August 19, 2011

Russia Has Lost Track Of Another Satellite

Russia said on Thursday that it has lost track of a $265-million telecommunications satellite.

The Express AM-4 satellite launched late on Wednesday aboard a Proton-M rocket from the Russia-leased launchpad in Kazakhstan.

The space agency said the first stages of the launch went smoothly, but communication with the satellite was lost after a failure of the Briz-M upper stage.

The Russian space agency said experts were working to try and re-establish contact with the satellite. Â

The Express AM-4 satellite is said to be the most powerful satellite every built in Europe and is designed to provide digital TV, Internet and telecoms services for Russia over the next 15 years.

The spacecraft was fully insured for $264.5 million with Russian Ingosstrakh insurance company.

Officials have about a 75 percent chance of linking back up to the satellite and maneuvering it, according to a report by Reuters.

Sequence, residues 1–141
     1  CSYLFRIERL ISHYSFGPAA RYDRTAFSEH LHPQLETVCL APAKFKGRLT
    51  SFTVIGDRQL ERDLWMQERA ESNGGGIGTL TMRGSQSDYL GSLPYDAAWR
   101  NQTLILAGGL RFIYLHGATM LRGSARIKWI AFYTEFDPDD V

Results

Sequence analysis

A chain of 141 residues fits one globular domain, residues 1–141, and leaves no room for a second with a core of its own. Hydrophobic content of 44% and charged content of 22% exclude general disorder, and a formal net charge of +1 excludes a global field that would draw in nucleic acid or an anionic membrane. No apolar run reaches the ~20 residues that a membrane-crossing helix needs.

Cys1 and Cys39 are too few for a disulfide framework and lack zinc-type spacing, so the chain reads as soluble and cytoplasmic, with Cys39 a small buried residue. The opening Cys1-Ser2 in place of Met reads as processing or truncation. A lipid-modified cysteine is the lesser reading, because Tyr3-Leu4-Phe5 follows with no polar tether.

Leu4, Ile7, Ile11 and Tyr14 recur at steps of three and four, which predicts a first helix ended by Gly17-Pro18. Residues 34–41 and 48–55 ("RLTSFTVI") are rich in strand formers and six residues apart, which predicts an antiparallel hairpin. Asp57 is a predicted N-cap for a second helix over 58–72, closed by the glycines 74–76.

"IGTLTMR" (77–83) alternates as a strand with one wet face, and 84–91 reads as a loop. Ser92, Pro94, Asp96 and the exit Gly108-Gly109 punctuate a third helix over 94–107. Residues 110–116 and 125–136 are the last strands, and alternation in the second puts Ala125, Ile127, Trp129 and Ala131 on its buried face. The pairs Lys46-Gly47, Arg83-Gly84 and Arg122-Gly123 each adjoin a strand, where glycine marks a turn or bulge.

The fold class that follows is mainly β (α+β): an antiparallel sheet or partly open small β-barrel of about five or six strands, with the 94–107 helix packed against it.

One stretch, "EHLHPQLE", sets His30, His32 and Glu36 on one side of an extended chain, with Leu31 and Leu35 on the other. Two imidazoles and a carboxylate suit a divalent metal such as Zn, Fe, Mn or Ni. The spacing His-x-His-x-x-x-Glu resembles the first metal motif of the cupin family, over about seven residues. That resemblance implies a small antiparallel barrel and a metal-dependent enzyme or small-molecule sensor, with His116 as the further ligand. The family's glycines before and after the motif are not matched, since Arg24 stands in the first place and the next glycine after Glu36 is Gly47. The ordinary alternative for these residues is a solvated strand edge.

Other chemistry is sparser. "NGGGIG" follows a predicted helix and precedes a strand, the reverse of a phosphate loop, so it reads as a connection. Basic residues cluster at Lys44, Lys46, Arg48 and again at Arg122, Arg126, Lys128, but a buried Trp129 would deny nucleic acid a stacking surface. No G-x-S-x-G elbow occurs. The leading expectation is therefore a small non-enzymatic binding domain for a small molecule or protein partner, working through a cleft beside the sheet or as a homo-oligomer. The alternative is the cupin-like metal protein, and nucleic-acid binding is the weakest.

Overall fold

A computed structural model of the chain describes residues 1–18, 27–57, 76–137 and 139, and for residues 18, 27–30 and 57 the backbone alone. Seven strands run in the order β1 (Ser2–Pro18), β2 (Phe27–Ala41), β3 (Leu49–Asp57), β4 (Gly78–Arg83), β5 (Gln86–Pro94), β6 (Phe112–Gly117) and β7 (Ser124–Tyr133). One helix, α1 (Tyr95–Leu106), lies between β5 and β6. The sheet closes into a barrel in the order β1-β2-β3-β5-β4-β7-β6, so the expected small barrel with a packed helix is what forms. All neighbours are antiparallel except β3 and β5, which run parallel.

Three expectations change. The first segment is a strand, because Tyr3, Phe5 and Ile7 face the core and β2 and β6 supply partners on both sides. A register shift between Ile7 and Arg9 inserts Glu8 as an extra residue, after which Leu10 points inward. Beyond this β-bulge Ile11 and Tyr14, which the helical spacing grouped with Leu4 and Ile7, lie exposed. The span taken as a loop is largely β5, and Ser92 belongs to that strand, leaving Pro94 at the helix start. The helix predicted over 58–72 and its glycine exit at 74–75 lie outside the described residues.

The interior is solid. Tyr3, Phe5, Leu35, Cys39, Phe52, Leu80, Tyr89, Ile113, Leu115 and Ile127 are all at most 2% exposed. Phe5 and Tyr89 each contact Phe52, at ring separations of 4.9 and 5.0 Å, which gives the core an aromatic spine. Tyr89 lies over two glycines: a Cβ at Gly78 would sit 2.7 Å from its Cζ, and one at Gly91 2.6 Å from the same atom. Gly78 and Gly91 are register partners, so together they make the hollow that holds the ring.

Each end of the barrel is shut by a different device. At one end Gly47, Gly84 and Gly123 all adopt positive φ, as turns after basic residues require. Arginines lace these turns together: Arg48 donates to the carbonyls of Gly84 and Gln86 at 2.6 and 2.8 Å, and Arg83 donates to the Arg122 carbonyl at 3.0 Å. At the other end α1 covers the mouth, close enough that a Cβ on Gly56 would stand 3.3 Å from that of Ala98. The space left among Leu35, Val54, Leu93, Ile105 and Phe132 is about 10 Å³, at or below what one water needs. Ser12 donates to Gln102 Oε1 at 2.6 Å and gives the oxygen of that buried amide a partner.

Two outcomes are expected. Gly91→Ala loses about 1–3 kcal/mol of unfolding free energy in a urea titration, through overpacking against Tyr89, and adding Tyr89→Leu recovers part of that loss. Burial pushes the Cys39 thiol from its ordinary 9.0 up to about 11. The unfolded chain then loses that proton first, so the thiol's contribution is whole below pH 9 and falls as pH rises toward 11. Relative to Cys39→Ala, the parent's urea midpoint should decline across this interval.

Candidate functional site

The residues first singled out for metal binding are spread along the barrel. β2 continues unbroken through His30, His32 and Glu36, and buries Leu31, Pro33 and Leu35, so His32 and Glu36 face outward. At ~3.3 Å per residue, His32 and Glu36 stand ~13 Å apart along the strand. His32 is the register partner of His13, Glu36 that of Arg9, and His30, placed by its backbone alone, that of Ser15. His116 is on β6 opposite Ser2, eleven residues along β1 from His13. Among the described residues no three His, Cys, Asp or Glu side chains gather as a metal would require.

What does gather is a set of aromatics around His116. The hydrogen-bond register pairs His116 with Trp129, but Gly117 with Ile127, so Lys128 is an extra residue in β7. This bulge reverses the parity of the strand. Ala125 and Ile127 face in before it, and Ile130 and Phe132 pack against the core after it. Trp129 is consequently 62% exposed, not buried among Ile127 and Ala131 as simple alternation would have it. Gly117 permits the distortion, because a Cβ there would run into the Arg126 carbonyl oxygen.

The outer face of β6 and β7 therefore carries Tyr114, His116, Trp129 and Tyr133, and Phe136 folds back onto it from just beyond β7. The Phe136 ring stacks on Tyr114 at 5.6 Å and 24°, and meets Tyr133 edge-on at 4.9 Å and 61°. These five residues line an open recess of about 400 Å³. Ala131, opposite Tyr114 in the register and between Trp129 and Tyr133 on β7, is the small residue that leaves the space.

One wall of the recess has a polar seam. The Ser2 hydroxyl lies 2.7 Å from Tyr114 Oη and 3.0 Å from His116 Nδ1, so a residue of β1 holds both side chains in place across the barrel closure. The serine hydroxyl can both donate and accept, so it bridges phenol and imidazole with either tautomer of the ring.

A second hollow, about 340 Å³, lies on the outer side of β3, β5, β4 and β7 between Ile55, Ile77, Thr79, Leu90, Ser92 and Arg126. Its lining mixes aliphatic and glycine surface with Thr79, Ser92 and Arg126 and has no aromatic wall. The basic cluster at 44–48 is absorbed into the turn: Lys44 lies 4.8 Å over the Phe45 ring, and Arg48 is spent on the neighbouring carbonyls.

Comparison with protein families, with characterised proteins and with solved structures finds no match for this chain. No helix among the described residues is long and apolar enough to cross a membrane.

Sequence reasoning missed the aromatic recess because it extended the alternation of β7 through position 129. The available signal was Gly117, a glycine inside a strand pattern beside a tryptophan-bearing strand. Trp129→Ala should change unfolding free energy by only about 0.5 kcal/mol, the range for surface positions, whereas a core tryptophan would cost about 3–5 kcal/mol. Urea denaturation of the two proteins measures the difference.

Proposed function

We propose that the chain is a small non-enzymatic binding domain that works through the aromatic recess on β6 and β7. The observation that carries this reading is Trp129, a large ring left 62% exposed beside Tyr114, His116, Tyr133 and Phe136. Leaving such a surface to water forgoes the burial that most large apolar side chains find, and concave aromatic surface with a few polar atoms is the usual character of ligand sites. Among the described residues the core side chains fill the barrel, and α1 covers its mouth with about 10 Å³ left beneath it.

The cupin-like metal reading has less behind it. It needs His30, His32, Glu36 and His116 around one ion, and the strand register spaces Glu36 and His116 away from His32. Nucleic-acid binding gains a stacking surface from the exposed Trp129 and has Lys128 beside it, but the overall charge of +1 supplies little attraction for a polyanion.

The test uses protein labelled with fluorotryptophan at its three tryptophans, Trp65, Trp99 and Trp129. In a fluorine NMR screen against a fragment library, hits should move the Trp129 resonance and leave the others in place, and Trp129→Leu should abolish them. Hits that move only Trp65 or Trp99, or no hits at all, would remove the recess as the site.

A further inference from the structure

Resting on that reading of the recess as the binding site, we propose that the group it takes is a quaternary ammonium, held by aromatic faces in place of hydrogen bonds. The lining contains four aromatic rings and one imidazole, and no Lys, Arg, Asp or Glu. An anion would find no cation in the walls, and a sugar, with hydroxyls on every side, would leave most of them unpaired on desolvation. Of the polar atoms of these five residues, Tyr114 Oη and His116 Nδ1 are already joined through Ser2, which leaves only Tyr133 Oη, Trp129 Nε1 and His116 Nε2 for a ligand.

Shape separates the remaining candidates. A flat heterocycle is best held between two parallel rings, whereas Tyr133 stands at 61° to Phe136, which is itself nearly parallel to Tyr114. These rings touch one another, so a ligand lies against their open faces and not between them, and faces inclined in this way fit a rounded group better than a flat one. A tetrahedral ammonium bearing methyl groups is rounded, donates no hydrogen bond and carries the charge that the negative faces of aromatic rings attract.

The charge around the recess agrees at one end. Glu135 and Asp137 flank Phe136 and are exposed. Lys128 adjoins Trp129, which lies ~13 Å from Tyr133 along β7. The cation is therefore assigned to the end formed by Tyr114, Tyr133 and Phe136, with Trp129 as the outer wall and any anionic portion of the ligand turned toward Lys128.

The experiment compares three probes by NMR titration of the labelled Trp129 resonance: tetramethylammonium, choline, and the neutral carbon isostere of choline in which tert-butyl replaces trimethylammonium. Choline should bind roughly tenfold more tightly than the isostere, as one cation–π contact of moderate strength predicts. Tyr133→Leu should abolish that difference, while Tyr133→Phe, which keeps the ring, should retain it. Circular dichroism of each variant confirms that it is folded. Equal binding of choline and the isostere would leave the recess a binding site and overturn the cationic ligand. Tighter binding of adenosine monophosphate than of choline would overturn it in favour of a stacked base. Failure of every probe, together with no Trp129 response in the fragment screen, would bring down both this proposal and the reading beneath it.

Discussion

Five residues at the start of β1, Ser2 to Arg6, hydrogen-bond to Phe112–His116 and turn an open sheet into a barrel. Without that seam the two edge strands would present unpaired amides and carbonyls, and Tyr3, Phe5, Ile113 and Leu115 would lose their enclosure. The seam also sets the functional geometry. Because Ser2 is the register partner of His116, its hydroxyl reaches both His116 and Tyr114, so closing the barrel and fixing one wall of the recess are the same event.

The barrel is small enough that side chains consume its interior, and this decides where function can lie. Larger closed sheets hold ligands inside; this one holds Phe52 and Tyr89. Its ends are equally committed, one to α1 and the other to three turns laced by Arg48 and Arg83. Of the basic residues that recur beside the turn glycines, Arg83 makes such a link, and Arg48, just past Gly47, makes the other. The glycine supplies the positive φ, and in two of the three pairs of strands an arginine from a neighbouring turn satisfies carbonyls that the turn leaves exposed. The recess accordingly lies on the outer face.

Space industry expert Igor Lissov told Reuters that its loss would be a "nightmare" for Russia's industry and could delay key commercial projects by three to four years.

Russia has also had other mishaps with its space program this year.  It lost three orbiters over the Pacific Ocean earlier in 2011, costing the space agency $160 million and setting back plans for the country's own global position system.

Experts say that the Briz-KM engine burns led to the loss of a key military Earth-mapping satellite earlier this year as well.

These failures Russia has faced led to the country's space agency chief Anatoly Perminov losing his job in the spring.  He was replaced by former deputy defense minister and space forces command Vladimir Popovkin.


Image Caption: Artist illustration of the Express AM-4 satellite (Credit: Astrium)


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